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Private Lessons: Starting a Program

Patricia George | August September 2023

The Teacher’s Studio

A good band or orchestra program can be made better if more students studied privately. Private instructors can focus on a student’s set up, drill the basics of rhythm and technique, and work on tone and musicianship. When students are able to work on these skills in private lessons, the performance level of the ensemble soars.

If you do not have a private lesson program in your school, here are some ideas to develop one. Be sure that the administration in your school is on board with the development of a private lesson program, as they will be responsible for writing contracts with the teachers, providing teaching spaces, acquiring background checks of faculty and setting a lesson fee schedule. The school district also assumes personal liability for the program. Discuss who collects the tuition fees, who pays the teachers, and what the cancellation policy will be. Often booster programs can underwrite part or all of a private lesson program. Generally, students are required to cancel 24 hours in advance or will be charged for the lesson. Private lessons may be taught before and after school, during study halls and during band rehearsals. Payment for the lessons can be by month or semester.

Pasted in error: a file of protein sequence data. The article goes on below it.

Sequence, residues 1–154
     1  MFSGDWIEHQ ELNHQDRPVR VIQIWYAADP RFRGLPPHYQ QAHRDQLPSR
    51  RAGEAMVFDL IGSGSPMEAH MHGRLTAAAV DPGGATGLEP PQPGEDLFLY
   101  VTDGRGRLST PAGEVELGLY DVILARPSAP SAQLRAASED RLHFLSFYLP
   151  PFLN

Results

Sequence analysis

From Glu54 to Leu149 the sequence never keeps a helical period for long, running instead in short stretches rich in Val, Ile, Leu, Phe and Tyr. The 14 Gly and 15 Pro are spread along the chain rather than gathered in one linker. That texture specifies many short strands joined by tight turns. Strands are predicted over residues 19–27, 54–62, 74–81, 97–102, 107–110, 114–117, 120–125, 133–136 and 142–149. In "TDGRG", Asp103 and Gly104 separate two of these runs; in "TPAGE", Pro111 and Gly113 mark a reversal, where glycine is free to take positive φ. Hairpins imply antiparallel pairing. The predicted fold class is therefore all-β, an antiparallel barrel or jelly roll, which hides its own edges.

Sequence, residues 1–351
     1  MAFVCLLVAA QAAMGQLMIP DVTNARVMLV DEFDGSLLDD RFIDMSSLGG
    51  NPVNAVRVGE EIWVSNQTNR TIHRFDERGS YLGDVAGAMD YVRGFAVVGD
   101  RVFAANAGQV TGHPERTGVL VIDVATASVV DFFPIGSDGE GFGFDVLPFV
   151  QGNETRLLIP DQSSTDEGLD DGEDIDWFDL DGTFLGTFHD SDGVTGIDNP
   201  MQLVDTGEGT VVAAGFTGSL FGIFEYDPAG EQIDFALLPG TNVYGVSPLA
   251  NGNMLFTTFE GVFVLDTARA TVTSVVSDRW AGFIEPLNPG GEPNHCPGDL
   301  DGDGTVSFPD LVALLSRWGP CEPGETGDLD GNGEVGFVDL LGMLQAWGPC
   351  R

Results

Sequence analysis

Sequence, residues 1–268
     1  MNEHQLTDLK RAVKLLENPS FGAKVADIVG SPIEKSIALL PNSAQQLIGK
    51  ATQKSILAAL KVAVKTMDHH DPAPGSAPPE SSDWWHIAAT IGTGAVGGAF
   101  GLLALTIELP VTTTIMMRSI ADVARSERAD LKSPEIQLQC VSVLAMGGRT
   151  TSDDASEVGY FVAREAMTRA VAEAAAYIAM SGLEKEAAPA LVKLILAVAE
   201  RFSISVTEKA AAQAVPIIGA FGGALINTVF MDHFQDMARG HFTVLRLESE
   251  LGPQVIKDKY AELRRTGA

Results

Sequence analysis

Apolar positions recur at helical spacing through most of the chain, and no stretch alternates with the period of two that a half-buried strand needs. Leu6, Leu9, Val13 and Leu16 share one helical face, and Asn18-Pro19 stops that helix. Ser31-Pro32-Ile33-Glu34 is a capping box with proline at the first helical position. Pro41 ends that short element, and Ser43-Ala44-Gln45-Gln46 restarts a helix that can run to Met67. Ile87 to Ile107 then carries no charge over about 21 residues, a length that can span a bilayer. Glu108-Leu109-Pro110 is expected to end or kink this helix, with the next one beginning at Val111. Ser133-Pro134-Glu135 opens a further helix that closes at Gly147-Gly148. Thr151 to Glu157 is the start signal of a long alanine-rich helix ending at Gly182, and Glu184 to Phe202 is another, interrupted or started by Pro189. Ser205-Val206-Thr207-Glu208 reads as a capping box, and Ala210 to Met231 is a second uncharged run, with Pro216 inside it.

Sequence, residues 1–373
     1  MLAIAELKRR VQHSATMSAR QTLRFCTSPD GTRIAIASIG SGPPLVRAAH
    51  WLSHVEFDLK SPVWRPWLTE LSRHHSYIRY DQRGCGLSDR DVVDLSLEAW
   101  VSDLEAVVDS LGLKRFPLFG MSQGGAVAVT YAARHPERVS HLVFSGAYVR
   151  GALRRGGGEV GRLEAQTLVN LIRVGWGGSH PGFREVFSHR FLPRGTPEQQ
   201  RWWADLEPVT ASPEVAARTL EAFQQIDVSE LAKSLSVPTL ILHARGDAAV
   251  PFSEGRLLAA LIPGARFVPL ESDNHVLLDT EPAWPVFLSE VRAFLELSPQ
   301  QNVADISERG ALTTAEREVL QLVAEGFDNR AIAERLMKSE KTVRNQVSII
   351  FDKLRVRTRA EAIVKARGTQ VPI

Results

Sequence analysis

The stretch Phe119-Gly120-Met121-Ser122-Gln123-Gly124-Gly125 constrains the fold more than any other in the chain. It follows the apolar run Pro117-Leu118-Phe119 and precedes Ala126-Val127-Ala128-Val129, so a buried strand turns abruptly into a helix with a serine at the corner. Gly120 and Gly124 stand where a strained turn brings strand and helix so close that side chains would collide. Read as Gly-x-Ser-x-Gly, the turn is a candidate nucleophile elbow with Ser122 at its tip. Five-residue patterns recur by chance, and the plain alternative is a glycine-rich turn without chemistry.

Populated Area
If your school is located in a populated area with a close proximity to a university music program, then there is a larger pool of possible private teachers. This could be the university professors themselves who may be interested in teaching in your program as a recruiting tool or it may be their students. Many of these students have taken pedagogy classes which focus on one-on-one instruction. Place a job announcement with the university placement office and contact each applied music faculty member to inquire if they are interested or if they have an advanced student to recommend. Form a committee from the music boosters to help you review resumes. Most programs require the new hire to have a background check which your administration can facilitate. Involving the boosters in the early decision-making stage lays a foundation for them to possibly underwrite the entire program in the future.